PERHAPS it’s a sign of the times, but white collar boxing – City boys (and sometimes girls) swapping their suits for silk shorts and beating the living daylights out of each other – is becoming ever more popular among financial sector workers.

With that in mind, it’s perhaps not so surprising that a sweating, heaving crowd turned up last night at the Troxy in the East End to watch a load of City boxers go head to head. All were from the insurance industry (a hotbed for testosterone-fuelled aggression if ever there was one), including William Dudley from Hiscox, Liam Tarf from Miller Insurance Services, Kevin Carlier from Aon and Stewart Cruickshank from Aon Benfield.

Mind you, the muscled fighters weren’t the only draw at “The Swing!” event – said sweaty punters were also treated to a special performance by Mitch Winehouse, father of Amy, who’s just released his own album “Rush of Love”.


When it comes to the décor of company headquarters, most firms plump for the safe option – a classical painting here, a bronze sculpture there, perhaps a Damien Hirst for the really daring.

Not so John Wriglesworth, managing director of the eponymous public relations consultancy, who managed to procure himself an original “Dalek” from the BBC’s Dr Who archives for the reception of his offices just off Fleet Street.

Not only that, but a little bird tells me he’s now trying to persuade his staff round to the idea of altering the model’s voicebox so that, instead of the usual Dalek cry of “Exterminate, exterminate,” it will cry: “Communicate, communicate”…

It’s certainly a novel way of bringing a smile to the faces of clients on an otherwise bleak Monday morning.


Rugby aficionados were yesterday horrified by the news that the Rugby Football Union has enlisted a new company to provide all of the clothing for the England team in the form of Eden Park – a French clothing firm, sacré bleu! Perhaps the RFU should have taken its cue from the England football team and returned in its hour of need to Marks & Spencer, where chief executive Marc Bolland would doubtless have pulled out all the stops to lend a hand.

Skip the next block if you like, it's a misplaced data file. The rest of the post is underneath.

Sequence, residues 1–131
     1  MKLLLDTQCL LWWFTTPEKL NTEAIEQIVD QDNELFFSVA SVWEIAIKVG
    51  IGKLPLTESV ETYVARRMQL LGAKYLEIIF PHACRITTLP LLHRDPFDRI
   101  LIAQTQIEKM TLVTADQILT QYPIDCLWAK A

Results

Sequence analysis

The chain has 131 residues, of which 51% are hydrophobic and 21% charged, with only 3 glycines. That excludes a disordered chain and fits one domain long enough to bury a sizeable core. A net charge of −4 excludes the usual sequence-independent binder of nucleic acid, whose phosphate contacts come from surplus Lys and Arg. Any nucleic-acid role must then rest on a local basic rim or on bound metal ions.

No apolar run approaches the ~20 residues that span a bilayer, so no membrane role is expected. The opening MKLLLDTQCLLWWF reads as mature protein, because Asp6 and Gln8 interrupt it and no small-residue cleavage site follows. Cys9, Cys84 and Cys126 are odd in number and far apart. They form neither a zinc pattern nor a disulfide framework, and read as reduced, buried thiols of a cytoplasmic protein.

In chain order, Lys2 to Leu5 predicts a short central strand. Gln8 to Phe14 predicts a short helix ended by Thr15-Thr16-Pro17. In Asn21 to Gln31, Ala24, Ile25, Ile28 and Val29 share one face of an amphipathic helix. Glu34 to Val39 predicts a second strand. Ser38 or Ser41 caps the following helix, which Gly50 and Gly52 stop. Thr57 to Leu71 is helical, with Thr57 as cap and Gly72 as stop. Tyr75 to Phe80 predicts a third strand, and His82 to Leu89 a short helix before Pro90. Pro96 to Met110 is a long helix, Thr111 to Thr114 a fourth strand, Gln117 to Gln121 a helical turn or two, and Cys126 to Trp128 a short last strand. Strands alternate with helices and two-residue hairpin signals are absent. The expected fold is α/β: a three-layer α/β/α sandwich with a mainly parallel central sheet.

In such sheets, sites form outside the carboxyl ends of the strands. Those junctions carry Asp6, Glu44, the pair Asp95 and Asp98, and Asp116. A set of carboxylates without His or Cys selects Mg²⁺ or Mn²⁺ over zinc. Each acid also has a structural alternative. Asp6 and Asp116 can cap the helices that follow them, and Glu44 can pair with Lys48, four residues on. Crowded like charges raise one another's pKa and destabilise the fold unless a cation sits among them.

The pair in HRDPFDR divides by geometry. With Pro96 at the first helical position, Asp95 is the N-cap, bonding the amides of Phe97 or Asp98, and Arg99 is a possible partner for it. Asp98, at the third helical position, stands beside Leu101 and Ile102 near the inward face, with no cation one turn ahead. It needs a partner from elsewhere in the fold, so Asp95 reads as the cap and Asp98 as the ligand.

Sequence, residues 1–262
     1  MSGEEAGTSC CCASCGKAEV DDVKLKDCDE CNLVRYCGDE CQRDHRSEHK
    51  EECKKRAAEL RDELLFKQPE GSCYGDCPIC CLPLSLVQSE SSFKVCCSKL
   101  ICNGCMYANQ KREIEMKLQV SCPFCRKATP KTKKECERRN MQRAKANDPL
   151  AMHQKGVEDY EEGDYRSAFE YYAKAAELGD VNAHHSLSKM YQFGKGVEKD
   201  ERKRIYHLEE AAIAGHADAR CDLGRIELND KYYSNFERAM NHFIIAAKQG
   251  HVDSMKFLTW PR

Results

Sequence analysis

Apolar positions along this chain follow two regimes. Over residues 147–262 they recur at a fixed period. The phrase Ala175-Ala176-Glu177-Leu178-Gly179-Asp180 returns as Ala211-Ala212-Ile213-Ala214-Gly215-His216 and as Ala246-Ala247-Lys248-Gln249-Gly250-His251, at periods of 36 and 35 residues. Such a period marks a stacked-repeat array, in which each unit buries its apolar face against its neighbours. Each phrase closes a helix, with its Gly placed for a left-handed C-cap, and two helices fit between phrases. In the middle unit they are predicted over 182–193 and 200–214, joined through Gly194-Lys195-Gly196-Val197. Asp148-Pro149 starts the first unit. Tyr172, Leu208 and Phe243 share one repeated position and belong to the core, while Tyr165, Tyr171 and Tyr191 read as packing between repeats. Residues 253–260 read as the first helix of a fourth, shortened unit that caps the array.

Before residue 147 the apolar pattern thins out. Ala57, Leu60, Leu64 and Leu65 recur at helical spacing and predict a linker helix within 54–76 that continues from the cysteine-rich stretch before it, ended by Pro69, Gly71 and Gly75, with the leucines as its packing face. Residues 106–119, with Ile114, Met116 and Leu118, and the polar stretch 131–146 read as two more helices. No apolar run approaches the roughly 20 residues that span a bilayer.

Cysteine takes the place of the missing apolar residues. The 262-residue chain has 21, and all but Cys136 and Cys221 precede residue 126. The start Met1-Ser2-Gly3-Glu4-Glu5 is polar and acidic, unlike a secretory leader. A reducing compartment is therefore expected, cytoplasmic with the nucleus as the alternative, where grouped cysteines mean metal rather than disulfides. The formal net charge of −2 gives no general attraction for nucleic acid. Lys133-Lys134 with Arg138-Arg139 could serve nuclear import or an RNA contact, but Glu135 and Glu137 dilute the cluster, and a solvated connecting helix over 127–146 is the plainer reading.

It’s off to the high seas again for Helical Bar chief executive Mike Slade, fresh from helping to organise the largest ever coordinated property industry charity day last week to raise money for “Land Aid” – including charity gigs, cake baking sales and abseiling off 40-ft buildings.
Slade’s just as well-known for his escapades on his ICAP Leopard racing yacht, which is competing in the Rolex Middle Sea Race from Malta this weekend.

As well as being a strong helmsman, Slade is certainly sympathetic to the City’s attitude to the sport of sailing, commenting yesterday that his love of this particular race stems from the “exceptional hospitality” at the Royal Malta Yacht Club”. Bottoms up.


Brave words from John Taylor, the chief investment officer of foreign exchange risk manager FX Concepts, who sent out a missive to clients yesterday detailing how the current economic situation in the US is eerily similar to the climate in Europe immediately before the breakout of World War II.

According to Taylor, the US equity market’s rise over this September – an impressive 8.8 per cent – is its best performance for the ninth month of the year since the September of 1939.

“To me, the parallels are ominous,” he continued. “What were those people thinking back in 1939? Could a coming world war have that positive an impact on the economy and on markets? They must have been crazy… but what are we thinking of now? A war has just begun...”

He’s talking of a currency war triggered by the US beginning QE2, of course – an event which the Fed has been talking about for months.

“Bernanke, like Hitler seven decades ago, had been warning everyone who would listen,” Taylor continued, seemingly oblivious to the implicit faux-pas of comparing anyone to a genocidal dictator, even if the parallel does involve something as benign foreign exchange.


A dire warning for the banking sector, courtesy of IT recruitment firm Greythorn. The government’s new focus on the prevention of cyber terrorism will have unintended consequences for the banks, according to Greythorn – apparently, there are only 2,000 people in the country qualified to perform top-level IT security and cyber forensics roles, meaning that a war for talent is likely to ensue over said computer geeks in the near future between current employers and the blue-chip security services. Prepare to shell out the pennies, folks.